Sunday, May 25, 2014

Reasons to be cheerful - part 3


The latest TV polls have DPF and Keeping Stock leaving embarrassing stains in their underpants, but there's actually a lot for the left to be chuffed about.

First and foremost, we can be happy that National are maintaining their popularity by implementing centre-left policies.  The current National government has been barely distinguishable from a Labour government, and it's paying off for them in the polls.  As well as continuing the last government's programme by retaining Kiwibank, Kiwirail, Kiwisaver (fucking unimaginative twats that the Fifth Labour government were when it came to naming things), the Cullen fund, interest-free student loans and Working for Families (wot? No 'Kiwifamilies?'), the current National government rejected austerity as a response to the GFC and adopted the left's approach to dealing with such crises: borrow to keep the economy functioning.   We've built up quite a bit of debt but it allowed us to weather the storm via the state's ability to borrow ridiculous sums at low interest rates, exactly as a good Keynesian would expect.  They've made a few nods towards traditional National efforts to direct the nation's wealth into the pockets of the already-wealthy, but mostly it's been centre-left all the way.

In its latest budget, the government has offered good traditional Labour fare, in the form of free doctor's visits for children and extending paid parental leave, and by the looks of it the electorate is rewarding them with increased popularity.  Labour must be spitting, and you have to feel sympathy for them (well, if you're a lefty), but in terms of the national interest a centre-left programme is being followed so the overall situation is positive.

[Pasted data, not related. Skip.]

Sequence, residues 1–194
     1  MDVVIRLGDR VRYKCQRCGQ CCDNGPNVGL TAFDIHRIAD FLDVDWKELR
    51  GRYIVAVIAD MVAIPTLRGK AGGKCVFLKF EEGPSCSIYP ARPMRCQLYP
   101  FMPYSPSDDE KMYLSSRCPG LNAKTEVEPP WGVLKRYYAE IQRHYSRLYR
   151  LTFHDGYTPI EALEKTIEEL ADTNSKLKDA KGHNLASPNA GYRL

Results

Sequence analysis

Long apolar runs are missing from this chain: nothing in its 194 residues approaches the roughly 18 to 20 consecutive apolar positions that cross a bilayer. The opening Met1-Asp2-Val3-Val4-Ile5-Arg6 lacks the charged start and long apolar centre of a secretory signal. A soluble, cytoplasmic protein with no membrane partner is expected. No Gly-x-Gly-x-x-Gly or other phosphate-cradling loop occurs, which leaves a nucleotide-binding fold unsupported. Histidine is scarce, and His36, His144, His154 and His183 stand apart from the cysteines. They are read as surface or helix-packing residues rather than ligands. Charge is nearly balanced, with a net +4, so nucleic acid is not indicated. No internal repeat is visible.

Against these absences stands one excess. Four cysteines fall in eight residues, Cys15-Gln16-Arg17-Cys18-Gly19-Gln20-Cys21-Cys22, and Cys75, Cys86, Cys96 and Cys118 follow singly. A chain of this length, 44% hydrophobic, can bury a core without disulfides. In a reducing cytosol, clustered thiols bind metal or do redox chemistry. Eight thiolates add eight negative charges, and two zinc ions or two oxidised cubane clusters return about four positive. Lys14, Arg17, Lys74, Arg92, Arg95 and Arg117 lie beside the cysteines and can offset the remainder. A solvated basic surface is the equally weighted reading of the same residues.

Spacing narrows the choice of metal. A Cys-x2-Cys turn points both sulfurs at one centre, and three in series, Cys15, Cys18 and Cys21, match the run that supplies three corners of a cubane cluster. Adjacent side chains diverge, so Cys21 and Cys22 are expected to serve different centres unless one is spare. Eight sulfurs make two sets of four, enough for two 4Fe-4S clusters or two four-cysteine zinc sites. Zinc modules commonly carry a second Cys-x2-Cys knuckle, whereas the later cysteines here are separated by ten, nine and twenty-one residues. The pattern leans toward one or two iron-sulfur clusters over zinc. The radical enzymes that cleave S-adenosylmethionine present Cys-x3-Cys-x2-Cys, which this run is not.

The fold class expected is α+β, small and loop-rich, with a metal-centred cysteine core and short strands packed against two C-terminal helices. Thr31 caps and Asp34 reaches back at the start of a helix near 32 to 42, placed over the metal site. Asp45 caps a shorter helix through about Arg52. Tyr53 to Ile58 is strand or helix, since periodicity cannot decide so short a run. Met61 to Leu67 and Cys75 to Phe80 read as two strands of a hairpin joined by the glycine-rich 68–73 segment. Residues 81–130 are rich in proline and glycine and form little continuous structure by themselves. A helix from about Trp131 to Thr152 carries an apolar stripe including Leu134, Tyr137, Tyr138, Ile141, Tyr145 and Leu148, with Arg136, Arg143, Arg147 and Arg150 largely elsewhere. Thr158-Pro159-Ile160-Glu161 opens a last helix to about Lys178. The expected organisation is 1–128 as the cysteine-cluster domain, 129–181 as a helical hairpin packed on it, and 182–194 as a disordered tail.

To some extent, yes I am putting a good spin on it.  No good has ever come from an NZ government getting a third term, from first Labour through various National governments to fifth Labour.  There's no reason to assume the current one would be an exception, and hubris is already writ large among its participants.  A win for National in September would be statistically highly unlikely to be a good thing.

(Disclaimer:  as a property-owner in the top income tax bracket, I do better under right-wing governments than left.)


7 comments:

Anonymous said...

Very well put. Most National supporters don't really care about right wing reformist policy. All they're concerned about is keeping Labour out. English wrote the best left wing budget we've seen since 2005 and it dhows in tonight's poll where 67% of Labour voters approve of it. Take Nationals 51% and add in Labours 30% and it's clear that 81%!of the country are a pile of progressive lefties. This country has $60billion of debt and supposed right wingers are wanking because Labour is on 29%. Fuck them.

Anonymous said...

The thing is, if you call the Nats free dr visits, vague mention of tax cuts, and slowly reducing government spending mildly left wing, then Labour's command and control ideas with electricity control, unions, CGT, higher income taxes,and invasive environmental law must put them into the raving socio-communist
basket.
NZ is better of where they currently are - warming the opposition benches.

Jimmie

Barnsley Bill said...